Alyosha Karamazov (Russian: Алёша Карамазов) is the protagonist in The Brothers Karamazov by Fyodor Dostoyevsky. His full name is given as Alexei Fyodorovich Karamazov and he is also referred to as Alyosha, Alyoshka, Alyoshenka, Alyoshechka, Alexeichik, Lyosha, and Lyoshenka. He is the youngest of the Karamazov brothers, being nineteen years old at the start of the novel. The preface and the opening chapter proclaim him as the hero. Dostoyevsky intended to write a sequel, which would detail the rest of Alyosha's life, but died shortly after the publication of The Brothers Karamazov.
At the outset of the story Alyosha is a novice in the local monastery. In this way Alyosha's beliefs act as a counterbalance to his brother Ivan's atheism. He is sent out into the world by his Elder and subsequently becomes embroiled in the sordid details of his family's life. He becomes involved with, and later engaged to, a young girl named Liza (or Lise) Khokhlakov, daughter to a confidante of Katerina Ivanovna's. Later on in the novel, Lise sinks into depression and self-hatred, spurning her lover and crushing her finger in a door. Alyosha is also involved in a side story in which he befriends a group of school boys whose fate adds a hopeful message to the conclusion of an otherwise tragic novel. Alyosha's place in the novel is usually that of a messenger or witness to the actions of his brothers and others. He is very close to Dmitri.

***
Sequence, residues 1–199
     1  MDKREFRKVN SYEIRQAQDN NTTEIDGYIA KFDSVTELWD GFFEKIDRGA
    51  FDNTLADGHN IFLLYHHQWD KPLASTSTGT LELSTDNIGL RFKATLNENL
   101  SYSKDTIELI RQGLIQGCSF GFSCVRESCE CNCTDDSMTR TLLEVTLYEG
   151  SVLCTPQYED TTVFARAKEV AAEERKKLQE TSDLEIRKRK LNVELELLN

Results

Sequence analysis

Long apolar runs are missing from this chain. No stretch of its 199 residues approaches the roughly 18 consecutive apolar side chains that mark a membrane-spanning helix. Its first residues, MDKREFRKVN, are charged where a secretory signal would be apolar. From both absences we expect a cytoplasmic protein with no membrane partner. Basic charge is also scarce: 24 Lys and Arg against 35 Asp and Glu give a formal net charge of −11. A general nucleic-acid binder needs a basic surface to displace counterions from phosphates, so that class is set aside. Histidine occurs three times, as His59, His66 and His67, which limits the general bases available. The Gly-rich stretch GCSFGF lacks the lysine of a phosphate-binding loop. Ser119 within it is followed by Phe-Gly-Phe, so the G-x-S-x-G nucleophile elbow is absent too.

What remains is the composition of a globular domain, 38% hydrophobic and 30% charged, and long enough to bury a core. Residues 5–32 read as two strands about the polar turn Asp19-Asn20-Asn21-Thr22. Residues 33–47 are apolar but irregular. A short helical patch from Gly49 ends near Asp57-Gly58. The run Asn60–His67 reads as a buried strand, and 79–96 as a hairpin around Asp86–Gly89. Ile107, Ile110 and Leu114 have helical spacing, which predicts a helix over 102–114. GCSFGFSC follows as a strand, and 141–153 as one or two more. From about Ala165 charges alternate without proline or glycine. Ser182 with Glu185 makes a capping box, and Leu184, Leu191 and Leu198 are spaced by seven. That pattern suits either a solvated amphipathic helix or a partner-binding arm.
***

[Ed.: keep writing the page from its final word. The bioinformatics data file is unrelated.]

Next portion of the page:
Alyosha is depicted as a positive character, kind, loving and sensitive. Anna-Teresa Tymieniecka states that Alyosha, like Prince Myshkin, the protagonist in another Dostoyevsky novel, The Idiot, are almost Jesus-like characters, who are nevertheless unable to prevent the suffering of those around them. She suggests that as a witness or messenger, Alyosha is not a true moral agent, playing a passive role in the events of the novel.
Rufus W. Mathewson states that Alyosha Karamazov is a more robust positive hero than Prince Myshkin. He argues that Alyosha is closer than Myshkin to being an active spokesman for conservatism, citing Alyosha's most impressive success as helping Dmitri. He describes Alyosha as relying on forgiveness, kindness and natural justice, rather than attempting to change the social order.
Dostoyevsky is believed to have based the character of Alyosha on his friend, Vladimir Solovyov, a Russian philosopher and poet who led a generous life, to the point of giving away his clothes to people in the street.
- p373, Anna-Theresa Tymienieck, The Origins of Life, Springer, 2000
- p19-20, Rufus W. Mathewson, The Positive Hero in Russian Literature, Northwestern University Press, 2000
- p295, Hans Urs von Balthasar et al., The Glory of the Lord: A Theological Aesthetics, Ignatius Press, 1991
- Zouboff, Peter, Solovyov on Godmanhood: Solovyov’s Lectures on Godmanhood, Harmon Printing House, Poughkeepsie, New York, 1944; see Czeslaw Milosz’s introduction to Solovyov’s War, Progress and the End of History, Lindisfarne Press, Hudson, New York 1990